However the total figure disguises significant variations, even before the challenges brought by Covid-19. Some sites still struggle to secure sufficient funding whether through tourism or other means, due to a low profile and lack of resources, and these problems will have been exacerbated during the lockdown. Investment in these sites is critical to increase cross-disciplinary work and enhance their contribution to the UK economy.

This report highlights the economic and social value of UNESCO projects to communities across the UK, and which will need significant investment as the economy recovers.

The UNESCO Chair in Refugee Integration through Languages and the Arts

The UNESCO Chair hosted within the School of Education at the University of Glasgow undertakes a programme of work focused on multilingual knowledge exchange in the area of refugee and humanitarian protection, with a focus on fostering integration through creative and cultural expressions. Chair activities take place in collaboration with the University of Glasgow’s Refugee, Asylum and Migration Network (GRAMNet) and its wide range of international researchers, artists, public and third sector organisations, NGOs, migrants and refugees. More details here -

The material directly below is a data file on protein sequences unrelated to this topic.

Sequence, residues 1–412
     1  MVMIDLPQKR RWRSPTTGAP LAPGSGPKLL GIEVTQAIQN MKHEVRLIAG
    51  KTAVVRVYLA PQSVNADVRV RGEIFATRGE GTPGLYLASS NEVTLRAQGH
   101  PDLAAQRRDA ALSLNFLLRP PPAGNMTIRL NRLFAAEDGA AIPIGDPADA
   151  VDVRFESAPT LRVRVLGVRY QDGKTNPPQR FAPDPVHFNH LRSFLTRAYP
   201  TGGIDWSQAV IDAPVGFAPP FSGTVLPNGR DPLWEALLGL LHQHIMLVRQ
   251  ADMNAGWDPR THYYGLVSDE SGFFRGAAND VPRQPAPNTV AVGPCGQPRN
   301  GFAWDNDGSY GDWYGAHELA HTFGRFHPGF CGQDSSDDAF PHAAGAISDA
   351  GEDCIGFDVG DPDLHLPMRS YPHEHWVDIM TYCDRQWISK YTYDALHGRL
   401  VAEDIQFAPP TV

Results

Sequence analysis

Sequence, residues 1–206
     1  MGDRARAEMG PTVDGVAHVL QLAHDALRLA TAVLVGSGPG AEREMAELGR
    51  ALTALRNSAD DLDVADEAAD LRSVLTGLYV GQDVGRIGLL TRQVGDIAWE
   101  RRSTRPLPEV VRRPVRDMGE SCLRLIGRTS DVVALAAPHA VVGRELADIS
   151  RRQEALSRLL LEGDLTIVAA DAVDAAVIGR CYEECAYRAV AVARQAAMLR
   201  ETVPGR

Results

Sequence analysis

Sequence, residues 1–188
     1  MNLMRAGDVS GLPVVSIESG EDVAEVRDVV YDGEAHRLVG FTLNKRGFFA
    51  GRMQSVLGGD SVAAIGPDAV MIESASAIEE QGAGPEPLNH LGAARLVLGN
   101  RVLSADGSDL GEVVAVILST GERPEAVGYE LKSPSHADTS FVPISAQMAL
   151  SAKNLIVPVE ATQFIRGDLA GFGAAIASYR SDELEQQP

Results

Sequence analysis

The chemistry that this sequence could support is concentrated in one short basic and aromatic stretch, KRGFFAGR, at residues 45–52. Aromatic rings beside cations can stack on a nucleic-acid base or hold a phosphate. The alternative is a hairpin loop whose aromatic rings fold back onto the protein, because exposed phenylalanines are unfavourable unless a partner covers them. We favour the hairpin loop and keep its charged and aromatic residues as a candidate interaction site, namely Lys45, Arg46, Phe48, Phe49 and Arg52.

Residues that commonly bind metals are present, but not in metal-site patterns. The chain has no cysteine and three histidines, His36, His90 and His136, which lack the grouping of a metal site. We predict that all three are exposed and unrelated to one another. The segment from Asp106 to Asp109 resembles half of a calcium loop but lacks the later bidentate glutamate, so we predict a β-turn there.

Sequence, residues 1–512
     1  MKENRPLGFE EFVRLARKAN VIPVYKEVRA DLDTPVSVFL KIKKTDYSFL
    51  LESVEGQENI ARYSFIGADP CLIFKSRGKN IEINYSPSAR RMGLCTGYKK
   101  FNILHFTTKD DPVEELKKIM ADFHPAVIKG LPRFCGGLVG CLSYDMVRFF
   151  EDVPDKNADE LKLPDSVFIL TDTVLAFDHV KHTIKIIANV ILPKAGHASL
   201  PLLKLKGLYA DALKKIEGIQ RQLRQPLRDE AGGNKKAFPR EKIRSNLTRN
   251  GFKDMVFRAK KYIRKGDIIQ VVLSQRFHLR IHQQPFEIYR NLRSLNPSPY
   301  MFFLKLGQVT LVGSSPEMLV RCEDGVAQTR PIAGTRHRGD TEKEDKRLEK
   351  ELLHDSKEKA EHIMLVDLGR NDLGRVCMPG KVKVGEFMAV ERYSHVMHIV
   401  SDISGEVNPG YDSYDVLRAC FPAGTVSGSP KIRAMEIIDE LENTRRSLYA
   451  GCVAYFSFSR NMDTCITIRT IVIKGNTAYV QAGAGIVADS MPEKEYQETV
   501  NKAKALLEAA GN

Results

About the UK National Commission for UNESCO

The UK National Commission for UNESCO (UKNC) works to support the UK’s contribution to UNESCO and bring the benefits of UNESCO to the UK. It is the hub for UNESCO-related matters in the UK.The UKNC has four core priorities:

We provide expert, independent policy advice to the UK and devolved governments on UNESCO related issues.

  • We advise and support individuals and institutions in the UK, its Overseas Territories and Crown Dependencies on accessing UNESCO accreditation and prizes and how to derive more value from their involvement with UNESCO.
  • We support the UK Government’s agenda in helping UNESCO to become more effective.
  • We act as a hub for the UK’s 165 UNESCO designations.


First published: 26 June 2020